Latest figures show that the breastfeeding rate for England for 2016/17 is 44.4%. This is based on 142 out of 150 reporting local authorities who provided sufficient quarterly data for annual figures to be calculated. This compares to 43.1% in 2015/16, and to 43.8% for 2014/15 based on data collected by NHS England.
In response to this newly published data, Professor Mary Fewtrell, Nutrition Lead for the Royal College of Paediatrics and Child Health (RCPCH), said:
“There has been a minor improvement in the number of women breastfeeding at six to eight weeks but numbers are still very low, especially when compared to countries like Norway which achieves rates of 71% at six to eight weeks.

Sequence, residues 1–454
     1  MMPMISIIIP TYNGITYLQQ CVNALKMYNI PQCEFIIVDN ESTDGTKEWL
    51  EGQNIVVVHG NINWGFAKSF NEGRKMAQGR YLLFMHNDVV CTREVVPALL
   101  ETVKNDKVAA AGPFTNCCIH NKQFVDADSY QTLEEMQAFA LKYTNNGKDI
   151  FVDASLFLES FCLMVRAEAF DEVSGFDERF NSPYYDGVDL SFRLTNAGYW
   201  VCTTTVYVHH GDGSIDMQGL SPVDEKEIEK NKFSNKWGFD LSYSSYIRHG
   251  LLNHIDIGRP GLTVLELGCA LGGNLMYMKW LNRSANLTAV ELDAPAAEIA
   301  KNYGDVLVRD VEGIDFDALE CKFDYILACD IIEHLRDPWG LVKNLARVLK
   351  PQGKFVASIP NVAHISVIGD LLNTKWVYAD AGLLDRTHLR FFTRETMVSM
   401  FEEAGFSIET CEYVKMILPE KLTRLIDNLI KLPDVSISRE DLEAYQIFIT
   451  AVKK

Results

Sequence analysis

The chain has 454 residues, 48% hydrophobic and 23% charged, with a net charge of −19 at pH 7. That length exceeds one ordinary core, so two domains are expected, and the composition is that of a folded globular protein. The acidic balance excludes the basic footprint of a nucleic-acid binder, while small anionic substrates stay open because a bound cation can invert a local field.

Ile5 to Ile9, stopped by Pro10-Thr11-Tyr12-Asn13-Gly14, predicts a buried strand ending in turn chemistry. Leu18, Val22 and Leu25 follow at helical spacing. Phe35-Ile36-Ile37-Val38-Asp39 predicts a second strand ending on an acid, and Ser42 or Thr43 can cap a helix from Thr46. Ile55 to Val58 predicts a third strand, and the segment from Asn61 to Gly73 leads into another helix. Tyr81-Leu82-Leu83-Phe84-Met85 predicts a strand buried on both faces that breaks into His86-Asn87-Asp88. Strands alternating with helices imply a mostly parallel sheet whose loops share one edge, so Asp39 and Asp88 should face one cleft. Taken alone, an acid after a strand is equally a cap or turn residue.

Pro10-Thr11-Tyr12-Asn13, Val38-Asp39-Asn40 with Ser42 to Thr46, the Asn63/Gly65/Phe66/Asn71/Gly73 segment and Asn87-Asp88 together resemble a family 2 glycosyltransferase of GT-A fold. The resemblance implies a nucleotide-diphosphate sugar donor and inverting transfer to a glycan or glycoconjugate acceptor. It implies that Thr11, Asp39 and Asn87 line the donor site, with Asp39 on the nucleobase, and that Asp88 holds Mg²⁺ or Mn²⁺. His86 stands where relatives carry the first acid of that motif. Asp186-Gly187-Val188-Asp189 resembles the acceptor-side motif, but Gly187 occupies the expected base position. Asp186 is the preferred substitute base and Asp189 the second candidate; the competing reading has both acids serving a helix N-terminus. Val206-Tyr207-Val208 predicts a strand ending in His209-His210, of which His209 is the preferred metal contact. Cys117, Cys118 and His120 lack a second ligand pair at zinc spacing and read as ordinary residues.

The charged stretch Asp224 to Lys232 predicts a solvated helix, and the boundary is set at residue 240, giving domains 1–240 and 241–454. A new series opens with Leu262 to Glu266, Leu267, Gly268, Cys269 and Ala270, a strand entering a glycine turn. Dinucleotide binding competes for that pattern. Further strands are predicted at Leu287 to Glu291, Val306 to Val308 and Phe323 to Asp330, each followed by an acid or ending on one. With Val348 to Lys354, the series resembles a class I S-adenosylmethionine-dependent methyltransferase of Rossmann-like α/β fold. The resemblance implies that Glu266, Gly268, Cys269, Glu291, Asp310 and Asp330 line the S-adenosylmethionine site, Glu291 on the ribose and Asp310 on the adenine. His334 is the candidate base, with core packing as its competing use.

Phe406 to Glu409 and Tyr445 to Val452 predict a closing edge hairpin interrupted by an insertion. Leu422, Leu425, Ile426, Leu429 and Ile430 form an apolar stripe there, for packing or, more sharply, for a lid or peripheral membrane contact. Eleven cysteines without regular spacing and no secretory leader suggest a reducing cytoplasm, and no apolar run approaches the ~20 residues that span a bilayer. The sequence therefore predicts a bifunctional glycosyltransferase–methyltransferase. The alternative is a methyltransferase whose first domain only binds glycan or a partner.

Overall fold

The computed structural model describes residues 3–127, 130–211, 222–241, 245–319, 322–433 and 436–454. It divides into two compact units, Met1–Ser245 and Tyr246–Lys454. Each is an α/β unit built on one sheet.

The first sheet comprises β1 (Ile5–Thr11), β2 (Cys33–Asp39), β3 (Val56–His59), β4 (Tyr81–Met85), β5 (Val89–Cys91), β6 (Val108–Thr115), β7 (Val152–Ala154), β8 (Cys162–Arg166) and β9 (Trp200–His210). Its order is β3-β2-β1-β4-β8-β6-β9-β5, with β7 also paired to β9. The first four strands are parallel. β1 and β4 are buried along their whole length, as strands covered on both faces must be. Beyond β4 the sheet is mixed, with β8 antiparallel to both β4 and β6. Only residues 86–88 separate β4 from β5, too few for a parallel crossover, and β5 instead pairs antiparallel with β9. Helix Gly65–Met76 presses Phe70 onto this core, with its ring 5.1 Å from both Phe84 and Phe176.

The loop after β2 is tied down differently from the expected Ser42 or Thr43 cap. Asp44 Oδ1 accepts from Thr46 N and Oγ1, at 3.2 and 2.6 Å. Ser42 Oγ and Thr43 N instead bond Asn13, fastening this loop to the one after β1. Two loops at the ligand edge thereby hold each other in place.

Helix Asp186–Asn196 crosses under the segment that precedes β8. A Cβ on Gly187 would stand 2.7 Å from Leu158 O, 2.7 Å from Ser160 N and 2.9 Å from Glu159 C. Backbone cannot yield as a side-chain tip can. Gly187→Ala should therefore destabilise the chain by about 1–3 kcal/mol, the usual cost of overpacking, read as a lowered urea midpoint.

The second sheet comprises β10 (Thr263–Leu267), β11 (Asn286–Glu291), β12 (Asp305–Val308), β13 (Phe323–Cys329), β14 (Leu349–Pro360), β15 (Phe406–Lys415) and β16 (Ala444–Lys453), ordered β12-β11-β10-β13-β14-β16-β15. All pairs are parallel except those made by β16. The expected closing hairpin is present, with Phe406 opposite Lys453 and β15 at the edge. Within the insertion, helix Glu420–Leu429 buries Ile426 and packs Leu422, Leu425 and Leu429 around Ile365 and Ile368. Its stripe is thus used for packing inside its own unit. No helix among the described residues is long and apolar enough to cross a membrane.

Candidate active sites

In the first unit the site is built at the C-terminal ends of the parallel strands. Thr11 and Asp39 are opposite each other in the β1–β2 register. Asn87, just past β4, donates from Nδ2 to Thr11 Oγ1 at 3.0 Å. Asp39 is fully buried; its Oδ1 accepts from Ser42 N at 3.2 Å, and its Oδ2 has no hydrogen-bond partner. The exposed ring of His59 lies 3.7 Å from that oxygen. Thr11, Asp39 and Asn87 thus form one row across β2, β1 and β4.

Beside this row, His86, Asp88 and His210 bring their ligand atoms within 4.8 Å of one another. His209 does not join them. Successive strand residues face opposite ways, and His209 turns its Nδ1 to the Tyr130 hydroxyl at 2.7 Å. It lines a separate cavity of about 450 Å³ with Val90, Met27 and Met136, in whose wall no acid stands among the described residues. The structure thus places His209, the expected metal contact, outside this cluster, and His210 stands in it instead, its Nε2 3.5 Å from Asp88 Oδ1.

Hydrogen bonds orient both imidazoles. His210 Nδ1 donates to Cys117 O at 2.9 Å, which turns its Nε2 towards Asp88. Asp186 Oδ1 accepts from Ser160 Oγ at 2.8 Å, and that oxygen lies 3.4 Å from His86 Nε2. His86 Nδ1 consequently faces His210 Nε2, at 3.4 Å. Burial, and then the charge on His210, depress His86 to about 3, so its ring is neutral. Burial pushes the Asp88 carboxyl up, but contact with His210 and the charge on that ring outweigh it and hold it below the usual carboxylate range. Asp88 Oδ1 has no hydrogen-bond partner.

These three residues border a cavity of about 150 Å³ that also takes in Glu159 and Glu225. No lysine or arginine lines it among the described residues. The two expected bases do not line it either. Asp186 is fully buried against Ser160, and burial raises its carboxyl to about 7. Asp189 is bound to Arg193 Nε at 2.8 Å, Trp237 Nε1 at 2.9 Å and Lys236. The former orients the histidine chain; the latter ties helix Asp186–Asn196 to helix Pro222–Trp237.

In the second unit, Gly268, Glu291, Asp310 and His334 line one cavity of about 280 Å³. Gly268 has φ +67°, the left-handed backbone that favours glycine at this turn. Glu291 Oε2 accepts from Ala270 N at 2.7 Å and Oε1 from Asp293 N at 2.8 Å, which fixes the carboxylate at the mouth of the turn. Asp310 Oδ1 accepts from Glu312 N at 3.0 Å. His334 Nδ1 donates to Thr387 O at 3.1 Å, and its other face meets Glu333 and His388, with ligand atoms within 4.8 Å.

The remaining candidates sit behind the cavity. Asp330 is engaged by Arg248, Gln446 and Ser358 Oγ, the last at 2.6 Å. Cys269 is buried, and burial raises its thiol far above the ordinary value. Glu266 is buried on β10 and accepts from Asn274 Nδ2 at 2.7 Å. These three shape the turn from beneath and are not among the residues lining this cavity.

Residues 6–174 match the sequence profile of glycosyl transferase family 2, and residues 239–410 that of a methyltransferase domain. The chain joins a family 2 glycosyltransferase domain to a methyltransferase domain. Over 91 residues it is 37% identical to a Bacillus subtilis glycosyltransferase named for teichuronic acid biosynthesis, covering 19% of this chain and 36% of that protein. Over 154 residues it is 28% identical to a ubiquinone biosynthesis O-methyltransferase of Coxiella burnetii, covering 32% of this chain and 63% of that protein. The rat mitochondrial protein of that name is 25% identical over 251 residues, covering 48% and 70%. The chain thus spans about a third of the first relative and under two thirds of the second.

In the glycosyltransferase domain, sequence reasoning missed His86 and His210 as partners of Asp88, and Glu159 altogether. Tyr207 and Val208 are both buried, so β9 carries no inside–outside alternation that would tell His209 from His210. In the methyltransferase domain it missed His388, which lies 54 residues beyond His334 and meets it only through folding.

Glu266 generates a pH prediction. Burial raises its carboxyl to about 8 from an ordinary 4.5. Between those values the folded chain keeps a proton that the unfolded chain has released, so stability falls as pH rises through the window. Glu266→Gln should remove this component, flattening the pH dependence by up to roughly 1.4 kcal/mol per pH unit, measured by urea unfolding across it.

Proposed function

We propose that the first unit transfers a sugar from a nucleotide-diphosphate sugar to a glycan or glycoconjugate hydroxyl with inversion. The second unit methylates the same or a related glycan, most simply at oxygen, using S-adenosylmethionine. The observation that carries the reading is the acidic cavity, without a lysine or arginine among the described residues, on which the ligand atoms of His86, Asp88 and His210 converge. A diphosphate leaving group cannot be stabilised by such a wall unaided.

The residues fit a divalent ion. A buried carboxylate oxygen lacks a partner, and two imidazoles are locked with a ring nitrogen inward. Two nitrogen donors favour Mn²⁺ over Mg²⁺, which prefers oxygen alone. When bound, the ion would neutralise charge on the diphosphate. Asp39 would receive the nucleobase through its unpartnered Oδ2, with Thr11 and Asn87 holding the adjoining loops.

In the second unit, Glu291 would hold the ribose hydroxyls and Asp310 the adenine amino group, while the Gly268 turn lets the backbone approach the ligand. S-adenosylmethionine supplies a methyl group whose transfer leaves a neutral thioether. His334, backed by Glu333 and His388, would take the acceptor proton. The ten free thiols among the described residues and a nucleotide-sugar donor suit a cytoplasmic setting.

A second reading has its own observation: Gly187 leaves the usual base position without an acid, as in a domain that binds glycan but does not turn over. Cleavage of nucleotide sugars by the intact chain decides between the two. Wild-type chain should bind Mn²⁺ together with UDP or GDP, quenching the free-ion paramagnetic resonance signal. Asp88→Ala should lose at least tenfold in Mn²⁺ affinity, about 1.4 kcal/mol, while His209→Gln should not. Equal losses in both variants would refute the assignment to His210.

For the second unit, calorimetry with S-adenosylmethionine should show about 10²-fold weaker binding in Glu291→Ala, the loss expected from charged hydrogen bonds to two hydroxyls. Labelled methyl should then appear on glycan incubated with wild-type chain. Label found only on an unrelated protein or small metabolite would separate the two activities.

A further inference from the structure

“Typically, the number of women who start breastfeeding in the UK is high, sitting at around 80%, however this number plummets after a couple of weeks. We know this is due to a number of factors including a lack of local support thanks to services falling victim to public health cuts, inconsistent messaging from healthcare professionals, social stigma and lack of family support.
“To improve breastfeeding rates we urgently need Government show they take this seriously and invest in local support so that the health benefits to mother and baby can be realised.”